Good news! YouTube plans crackdown, set to empower you during Lok Sabha elections
In a blog post, YouTube said that the information panel will be displayed on the watch page of all the videos on its channel.
All the major social media platforms are introducing a number of new features to curb the spread of misinformation during the ongoing Lok Sabha election in India and thereby provide users good content and thereby ensuring an empowering experience. Hopping on to the bandwagon, YouTube has said that it will now highlight whether the publisher of the content is funded by the government. In a blog post, YouTube said that the information panel will be displayed on the watch page of all the videos on its channel. "Our goal is to equip users with additional information to help them better understand the sources of news content that they choose to watch on YouTube. This information panel will be displayed on the watch page of all the videos on its channel," YouTube Director (Head of News Partnerships) Tim Katz said in a blogpost.
He added that these additional information panels will be available in English and Hindi. Katz explained that if the channel is owned by a news publisher funded by the government, an information panel will surface that indicates that the publisher is "funded in whole or in part" or a "public broadcast service", with a link to the publisher's Wikipedia page.
"When users come to YouTube, we believe they should be able to make their own decisions about the information they consume. We want to provide context alongside content on our platform to help users make more informed judgments, which we've done by introducing a wide range of information panels on certain events, topics, and publishers alongside search results and videos," Katz said.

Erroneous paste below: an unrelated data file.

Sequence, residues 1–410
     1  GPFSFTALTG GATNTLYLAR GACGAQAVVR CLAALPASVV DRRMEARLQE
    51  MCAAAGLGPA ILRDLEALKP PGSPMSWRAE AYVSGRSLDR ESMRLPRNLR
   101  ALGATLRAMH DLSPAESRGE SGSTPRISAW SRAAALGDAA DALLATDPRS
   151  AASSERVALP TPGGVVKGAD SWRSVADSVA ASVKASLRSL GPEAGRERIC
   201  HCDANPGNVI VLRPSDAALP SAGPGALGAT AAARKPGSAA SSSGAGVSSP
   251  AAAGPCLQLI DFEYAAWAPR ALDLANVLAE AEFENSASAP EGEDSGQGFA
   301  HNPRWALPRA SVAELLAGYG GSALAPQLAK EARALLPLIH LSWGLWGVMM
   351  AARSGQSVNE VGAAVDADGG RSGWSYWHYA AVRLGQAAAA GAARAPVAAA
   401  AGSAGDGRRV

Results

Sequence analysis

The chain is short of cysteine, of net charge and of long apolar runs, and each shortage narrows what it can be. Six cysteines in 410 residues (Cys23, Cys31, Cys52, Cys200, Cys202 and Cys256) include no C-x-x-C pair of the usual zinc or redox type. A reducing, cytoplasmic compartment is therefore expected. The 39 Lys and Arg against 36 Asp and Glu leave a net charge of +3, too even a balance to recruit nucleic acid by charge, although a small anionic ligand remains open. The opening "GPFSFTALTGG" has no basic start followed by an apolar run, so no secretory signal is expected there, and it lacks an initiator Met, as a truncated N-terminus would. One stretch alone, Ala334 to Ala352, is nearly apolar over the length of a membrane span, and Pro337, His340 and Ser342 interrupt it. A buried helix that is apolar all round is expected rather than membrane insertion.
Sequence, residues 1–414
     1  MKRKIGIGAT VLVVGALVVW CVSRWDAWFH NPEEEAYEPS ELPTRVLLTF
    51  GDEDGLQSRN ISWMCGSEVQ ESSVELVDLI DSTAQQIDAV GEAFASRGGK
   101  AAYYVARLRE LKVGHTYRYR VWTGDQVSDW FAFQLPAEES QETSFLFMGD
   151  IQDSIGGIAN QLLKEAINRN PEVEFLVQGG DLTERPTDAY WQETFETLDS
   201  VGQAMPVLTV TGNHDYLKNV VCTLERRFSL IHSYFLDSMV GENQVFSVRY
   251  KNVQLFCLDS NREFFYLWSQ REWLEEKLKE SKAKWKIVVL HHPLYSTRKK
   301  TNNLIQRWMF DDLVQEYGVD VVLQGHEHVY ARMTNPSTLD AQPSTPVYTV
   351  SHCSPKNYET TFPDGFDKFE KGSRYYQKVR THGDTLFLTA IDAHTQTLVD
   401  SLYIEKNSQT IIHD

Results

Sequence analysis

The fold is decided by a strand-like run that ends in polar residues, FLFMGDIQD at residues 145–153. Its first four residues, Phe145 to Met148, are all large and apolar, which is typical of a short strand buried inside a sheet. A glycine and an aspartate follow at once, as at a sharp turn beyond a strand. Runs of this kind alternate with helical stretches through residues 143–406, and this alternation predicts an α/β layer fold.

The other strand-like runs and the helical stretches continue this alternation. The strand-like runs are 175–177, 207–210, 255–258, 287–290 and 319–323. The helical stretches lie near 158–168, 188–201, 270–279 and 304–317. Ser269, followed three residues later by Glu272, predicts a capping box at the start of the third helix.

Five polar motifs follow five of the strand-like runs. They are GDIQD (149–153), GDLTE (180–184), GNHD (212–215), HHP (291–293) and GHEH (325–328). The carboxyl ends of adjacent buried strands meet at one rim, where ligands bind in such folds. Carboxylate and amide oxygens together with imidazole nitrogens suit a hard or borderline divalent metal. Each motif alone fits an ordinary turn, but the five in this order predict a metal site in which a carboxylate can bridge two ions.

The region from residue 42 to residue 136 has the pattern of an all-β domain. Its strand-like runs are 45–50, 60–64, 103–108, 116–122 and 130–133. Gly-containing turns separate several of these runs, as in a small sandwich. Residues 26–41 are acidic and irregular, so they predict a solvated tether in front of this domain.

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Earlier in March, YouTube had announced that it will show 'information panels' - flagging misinformation and offering correct insights - for news-related videos on its platform as part of its efforts to curb spread of fake news. The platform already offers features like 'Breaking News' and 'Top News'.
It has also partnered with many third-party publishers like BOOM, Quint, Factly, AFP, Jagran and others to verify the facts in news videos, and flag incorrect information to help users distinguish between misinformation and authentic news stories. YouTube has also committed USD 25 million to the news industry, as a part of a broader USD 300 million investment by the Google News Initiative.
"In December, we announced funding to 87 news projects from 23 countries around the world to build stronger video capabilities and innovate with new video formats. And 10 of these projects came from India," Katz said. He added that the company will also be investing in expanded support from YouTube specialists to support news partners grow their presence on YouTube - from providing training to helping with sophisticated technical integrations.
"We believe these positive steps will improve your experience of consuming news on YouTube and we look forward to continuing our close partnership with India's news industry, as we continue our efforts in this space," Katz emphasised.